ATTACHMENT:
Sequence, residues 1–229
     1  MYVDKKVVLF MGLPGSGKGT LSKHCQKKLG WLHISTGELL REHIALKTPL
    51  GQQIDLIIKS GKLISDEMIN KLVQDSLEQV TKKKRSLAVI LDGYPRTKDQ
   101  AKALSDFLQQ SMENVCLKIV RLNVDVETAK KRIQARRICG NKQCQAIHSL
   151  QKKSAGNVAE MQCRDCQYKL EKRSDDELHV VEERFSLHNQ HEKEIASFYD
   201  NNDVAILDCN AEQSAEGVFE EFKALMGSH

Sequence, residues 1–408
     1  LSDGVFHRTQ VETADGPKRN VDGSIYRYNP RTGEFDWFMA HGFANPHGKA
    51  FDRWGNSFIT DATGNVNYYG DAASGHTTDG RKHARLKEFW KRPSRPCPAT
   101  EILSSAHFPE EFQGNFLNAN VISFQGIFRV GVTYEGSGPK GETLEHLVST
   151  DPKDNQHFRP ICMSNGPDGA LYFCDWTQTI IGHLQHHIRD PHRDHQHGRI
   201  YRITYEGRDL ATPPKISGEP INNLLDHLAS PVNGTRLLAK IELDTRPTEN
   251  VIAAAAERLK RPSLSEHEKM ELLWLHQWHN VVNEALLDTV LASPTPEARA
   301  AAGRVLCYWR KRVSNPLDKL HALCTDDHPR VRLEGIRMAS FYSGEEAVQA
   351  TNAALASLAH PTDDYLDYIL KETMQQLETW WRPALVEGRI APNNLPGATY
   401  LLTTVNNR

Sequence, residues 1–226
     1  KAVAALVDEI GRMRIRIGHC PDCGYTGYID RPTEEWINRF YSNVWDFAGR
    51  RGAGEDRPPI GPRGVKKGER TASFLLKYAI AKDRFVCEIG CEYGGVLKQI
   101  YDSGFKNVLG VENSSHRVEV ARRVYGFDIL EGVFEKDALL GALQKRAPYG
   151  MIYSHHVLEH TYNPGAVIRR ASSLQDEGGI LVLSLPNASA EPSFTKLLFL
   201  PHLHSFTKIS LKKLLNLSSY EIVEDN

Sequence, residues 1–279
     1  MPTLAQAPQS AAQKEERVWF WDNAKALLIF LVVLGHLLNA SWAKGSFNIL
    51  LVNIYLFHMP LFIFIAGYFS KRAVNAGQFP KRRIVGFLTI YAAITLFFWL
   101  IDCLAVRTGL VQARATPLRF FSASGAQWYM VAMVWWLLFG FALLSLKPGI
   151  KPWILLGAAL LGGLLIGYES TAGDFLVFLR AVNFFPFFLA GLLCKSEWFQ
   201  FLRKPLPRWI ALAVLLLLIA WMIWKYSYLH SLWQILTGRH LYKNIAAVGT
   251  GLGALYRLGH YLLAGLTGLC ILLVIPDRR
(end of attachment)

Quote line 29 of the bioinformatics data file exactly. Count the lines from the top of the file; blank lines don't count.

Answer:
   251  GLGALYRLGH YLLAGLTGLC ILLVIPDRR